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This is a guest post by Christina LaMontagne 

Last week, the government released figures for the first month of health insurance open enrollment under the Affordable Care Act. The initial results of the marketplace launch offer digital health entrepreneurs new insights into managing their businesses.

Lesson 1: Health consumers will use the Internet for much more than looking up symptoms

A combined 27 million people logged on to federal and state health insurance marketplace websites in October., the federal site covering 36 states, was quickly minted the world’s largest digital health website with 19.5 million unique visitors in October. In comparison, the well-established WebMD sees 15.3 million visitors each month.

What a user does on the marketplace websites is complex and engaging. Among other activities, the average user must set up an account, enter personal information, make a complicated financial assessment, choose a health insurance plan, and complete a transaction. High levels of traffic to the government sites bode well for innovative services eager to engage customers in new levels of service.


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Lesson 2: Just as in other industries, self-serve Internet services can disrupt labor-intensive offline processes in healthcare

In the past, most people have arranged health insurance through their office HR teams or through a trusted independent health insurance broker. But in October, despite a broken website, people swarmed new Internet services: 93 percent of applications submitted to state sites were submitted electronically. Government data show that customers were nine times more likely to look up health insurance information online (even considering the glitch-prone site) than to pick up the phone to gather information from a live representative. Compared to the 27 million online visitors, the government’s free 1-800 number received only 3 million calls.

People bypassed live agents, government funded “Navigators” and phone agents to complete their applications. This is a strong signal for disruptive businesses that remove excess time, friction, and expense from doctors, receptionists, billers, and other healthcare systems. Recent reports from McKinsey, Dartmouth research, and the CMS agreed that nearly one-third of our nation’s health expenses are wasted — dollars spent that lead to no better clinical outcomes. The initial experience with marketplaces suggests consumers are empowered to start managing their own health concerns online.

Lesson 3: Healthcare is a hyper local business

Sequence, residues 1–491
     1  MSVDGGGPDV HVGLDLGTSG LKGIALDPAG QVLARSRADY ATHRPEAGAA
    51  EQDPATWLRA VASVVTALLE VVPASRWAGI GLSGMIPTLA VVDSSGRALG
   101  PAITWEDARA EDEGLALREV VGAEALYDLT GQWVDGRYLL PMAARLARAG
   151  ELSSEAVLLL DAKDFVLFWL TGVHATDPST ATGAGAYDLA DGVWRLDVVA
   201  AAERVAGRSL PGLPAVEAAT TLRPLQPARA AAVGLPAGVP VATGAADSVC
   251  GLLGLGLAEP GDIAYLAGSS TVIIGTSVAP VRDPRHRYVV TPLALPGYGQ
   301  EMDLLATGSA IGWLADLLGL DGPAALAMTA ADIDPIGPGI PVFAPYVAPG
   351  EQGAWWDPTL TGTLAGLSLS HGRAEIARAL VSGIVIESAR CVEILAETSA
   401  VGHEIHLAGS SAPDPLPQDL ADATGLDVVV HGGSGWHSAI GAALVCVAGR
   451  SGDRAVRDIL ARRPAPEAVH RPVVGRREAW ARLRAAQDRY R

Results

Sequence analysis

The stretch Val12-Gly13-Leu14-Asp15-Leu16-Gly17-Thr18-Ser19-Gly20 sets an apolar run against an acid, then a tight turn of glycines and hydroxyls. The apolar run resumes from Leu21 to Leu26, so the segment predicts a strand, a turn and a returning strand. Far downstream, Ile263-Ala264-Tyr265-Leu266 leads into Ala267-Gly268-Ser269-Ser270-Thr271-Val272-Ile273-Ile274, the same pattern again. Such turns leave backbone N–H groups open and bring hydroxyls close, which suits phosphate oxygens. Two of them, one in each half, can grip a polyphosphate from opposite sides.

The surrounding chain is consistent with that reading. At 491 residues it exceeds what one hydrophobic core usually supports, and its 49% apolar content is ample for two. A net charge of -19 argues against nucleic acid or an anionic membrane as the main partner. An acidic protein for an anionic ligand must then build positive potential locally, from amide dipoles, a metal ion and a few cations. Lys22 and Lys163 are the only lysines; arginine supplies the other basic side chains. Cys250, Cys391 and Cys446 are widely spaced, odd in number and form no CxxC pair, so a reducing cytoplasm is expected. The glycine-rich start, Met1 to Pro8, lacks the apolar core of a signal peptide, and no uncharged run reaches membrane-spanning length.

While the Affordable Care Act is a national policy affecting all Americans, many distinctions appear on a state level – and health insurance pricing and plan availability varies by zip code. Each state is segmented into multiple territories, and health insurance pricing and networks are established locally.

In fact, there is evidence that taking the local approach is best. State-based marketplace websites were twice as successful (compared to the federal site) in attracting uninsured to apply for insurance. While most founders will aspire to build a national brand, don’t forget that key stakeholders and customers – patients, doctors, hospitals, and insurance companies – are operating at a local level.

Customers of the exchange are female and both better off and younger than you might expect

According to data released by Kentucky, 59 percent of enrollees in that state are women and 40 percent are under 35. HHS confirmed that only 30 percent of applicants qualified for subsidies, implying that the majority of applicants in the first month earned over $46,000 as an individual or $94,000 as a family of four. Despite bargain rate pricing for many Bronze plans, these plans were the least popular. Entrepreneurs with concierge and high value service offerings will note that applicants traded up for better coverage at higher monthly premium prices.

Lesson 5: Consumer confusion and indecision hurts monetization and growth

State-run marketplaces were significantly more successful in signing up customers for new health insurance plans. In the 14 states with state-run sites, 4.4 percent of visitors submitted applications compared with 2.7 percent at the federal site.

However, only 1 in 12 eligible applicants nationwide enrolled in a plan in the first month. Forty-six percent of visitors to a marketplace said they had not enrolled yet because they were still deciding which plan to choose. Indecision and confusion is just as much a barrier to enrollment as is price. Great entrepreneurs bear in mind that for the majority of Americans, nearly all health-related online activities are new and complex. For the good of our businesses and our users, we must build decision-support tools to help our users make choices simply and with confidence.

Previously, she was a Principal evaluating digital health investments at Physic Ventures. Follow her on Twitter @lamontagne_c.

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